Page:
Julian Taylor named Canadian Folk Music Awards Solo Artist of the Year, also nominated for two Juno Awards

Julian Taylor and his album The Ridge are getting lots of attention including a pair of Juno Awards nominations. He also was named Solo Artist of the Year at the 2021 Canadian Folk Music Awards this past weekend. Photo by Lisa MacIntosh.

By NANDITA SHARMA

From an awards standpoint, 2021 has been shaping up as a pretty good year so far for East Toronto musician Julian Taylor.

Earlier this year it was announced that he had received his first two Juno Awards nominations in the Contemporary Roots Album of the Year and Indigenous Artist or Group of the Year categories for his second solo acoustic album The Ridge.

And on Sunday, April 11, it was announced that he had been named Solo Artist of the Year at the 2021 Canadian Folk Music Awards.

“I’ve been performing and recording music for over 20 years now, and these are my first Juno nominations. So I’m extremely thrilled about that,” said Taylor in a recent interview with Beach Metro News.

“I think my parents are just relieved because they’re like, ‘Oh thank goodness we got the music lessons’. They’re finally relieved. So that’s nice.”

This year’s Juno Awards, the 50th anniversary edition, will be presented on May 16 in Toronto. At this time, performances are slated to take place virtually and the event will be televised from Scotiabank Arena but it cannot be a huge gathering and celebration of Canadian musicians and music due to  COVID-19 safety regulations.

“It’s a bit strange that I’m not going to be able to hang out with people and mingle and make new friends and things like that. But that’s the world we’re living in, there isn’t much we can do about it except be grateful.” said Taylor remarking on his nominations and the virtual ceremony being held this year.

His album The Ridge draws inspiration from the time he spent with his grandparents on their farm in Maple Ridge, British Colombia.

As a Canadian musician, when asked about how he felt about Canadian artists being represented on a global stage he responded with optimism and remarked that Canadian artists such as The Weekend and Drake were “dominating the charts.”

“From a contemporary roots element, which is one of the nominations that I’ve been bestowed, I find that Canadians are doing great there too. I think the reality is that the people in my category are all making waves internationally, which is brilliant. I think it’s a genre that a lot of people may or may not have really paid too much attention to. It’s a storytelling genre, as is the second categories I’ve been nominated for – indigenous artists or group of the year. Storytelling is really about what these two particular genres are about. I like that because my heritage being indigenous and West Indian, in both cultures are very well their oral traditions are very important to their preservation,” said Taylor.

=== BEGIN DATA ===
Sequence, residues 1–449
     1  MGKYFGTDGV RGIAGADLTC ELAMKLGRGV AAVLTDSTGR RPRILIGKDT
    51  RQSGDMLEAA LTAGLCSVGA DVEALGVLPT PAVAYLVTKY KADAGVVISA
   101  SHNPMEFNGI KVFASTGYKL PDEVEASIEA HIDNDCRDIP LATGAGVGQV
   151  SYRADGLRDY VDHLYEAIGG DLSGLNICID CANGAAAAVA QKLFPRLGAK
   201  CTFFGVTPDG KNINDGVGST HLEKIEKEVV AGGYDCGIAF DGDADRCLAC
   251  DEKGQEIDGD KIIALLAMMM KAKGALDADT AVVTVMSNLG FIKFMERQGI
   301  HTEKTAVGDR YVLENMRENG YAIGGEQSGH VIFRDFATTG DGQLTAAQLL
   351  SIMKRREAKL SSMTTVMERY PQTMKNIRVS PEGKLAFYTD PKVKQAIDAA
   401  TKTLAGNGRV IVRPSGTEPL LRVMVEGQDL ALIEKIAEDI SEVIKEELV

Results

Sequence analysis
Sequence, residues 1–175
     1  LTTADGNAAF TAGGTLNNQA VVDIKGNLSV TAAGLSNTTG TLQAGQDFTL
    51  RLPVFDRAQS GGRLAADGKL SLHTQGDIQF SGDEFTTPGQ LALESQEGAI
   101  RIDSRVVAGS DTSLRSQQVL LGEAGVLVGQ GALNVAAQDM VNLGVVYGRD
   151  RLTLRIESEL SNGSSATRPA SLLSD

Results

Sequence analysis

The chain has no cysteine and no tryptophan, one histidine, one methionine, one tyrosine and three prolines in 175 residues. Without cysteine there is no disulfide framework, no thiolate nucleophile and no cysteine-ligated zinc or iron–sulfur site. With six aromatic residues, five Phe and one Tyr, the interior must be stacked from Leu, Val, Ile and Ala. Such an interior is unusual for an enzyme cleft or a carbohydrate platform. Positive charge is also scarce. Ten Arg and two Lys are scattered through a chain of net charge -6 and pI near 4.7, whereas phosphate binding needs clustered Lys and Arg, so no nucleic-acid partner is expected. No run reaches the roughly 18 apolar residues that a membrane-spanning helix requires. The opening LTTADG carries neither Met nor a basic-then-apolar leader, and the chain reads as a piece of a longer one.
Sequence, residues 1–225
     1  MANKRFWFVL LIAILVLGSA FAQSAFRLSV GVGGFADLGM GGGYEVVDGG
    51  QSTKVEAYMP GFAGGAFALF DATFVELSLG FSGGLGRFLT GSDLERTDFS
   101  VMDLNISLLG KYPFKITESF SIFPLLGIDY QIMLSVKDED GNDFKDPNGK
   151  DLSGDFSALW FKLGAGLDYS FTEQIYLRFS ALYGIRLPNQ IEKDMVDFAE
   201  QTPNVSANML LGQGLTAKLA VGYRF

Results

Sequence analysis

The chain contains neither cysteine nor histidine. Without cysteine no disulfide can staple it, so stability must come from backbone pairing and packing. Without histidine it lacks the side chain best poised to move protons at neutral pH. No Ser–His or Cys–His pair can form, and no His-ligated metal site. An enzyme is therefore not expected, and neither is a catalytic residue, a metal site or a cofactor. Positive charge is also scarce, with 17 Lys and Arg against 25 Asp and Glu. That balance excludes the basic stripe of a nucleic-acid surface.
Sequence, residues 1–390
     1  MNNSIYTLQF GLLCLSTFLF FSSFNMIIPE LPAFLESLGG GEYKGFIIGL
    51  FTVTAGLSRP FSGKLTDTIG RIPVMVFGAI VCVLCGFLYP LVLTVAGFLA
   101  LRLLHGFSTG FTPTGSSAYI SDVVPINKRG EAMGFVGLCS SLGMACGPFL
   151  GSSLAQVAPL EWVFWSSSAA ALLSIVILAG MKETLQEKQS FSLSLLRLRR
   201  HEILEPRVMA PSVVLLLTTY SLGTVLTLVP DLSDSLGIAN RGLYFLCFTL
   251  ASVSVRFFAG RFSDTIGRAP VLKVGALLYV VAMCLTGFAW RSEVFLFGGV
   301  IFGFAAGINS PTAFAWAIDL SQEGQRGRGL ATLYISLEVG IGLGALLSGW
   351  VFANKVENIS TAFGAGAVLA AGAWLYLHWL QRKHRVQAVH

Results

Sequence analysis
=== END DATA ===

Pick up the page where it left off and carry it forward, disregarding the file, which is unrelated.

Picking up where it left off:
When asked about his hopes for performing live this summer, Taylor couldn’t help but express disappointment about the current COVID-19 circumstances.

“Personally, I’m extremely frustrated. I’ve seen a lot of my favourite places that I would go to see live music in the East York and Beaches community closing. And in the entire city closing. I’m worried for my friends who are in that business. Primarily, musicians are not working,” he said.

Hoping that things go back to normal soon, Taylor maintained his optimism for the future and the upcoming Juno Awards ceremony.

“The universe has a funny way of working, so maybe it’ll bounce my way this time.”

For an earlier Beach Metro News story about Taylor and his album The Ridge, please go to https://beachmetro.com/2020/08/20/east-torontos-julian-taylor-performing-virtually-and-live-releases-album-the-ridge/

Taylor’s music is available to stream and for purchase https://juliantaylormusic.ca/music

UPDATE: Since this story was originally posted the date of the Juno Awards in Toronto has been moved to June 6. The change in date was announced by the Juno Awards on April 14, and was done due to the surging number of COVID-19 cases in Ontario.


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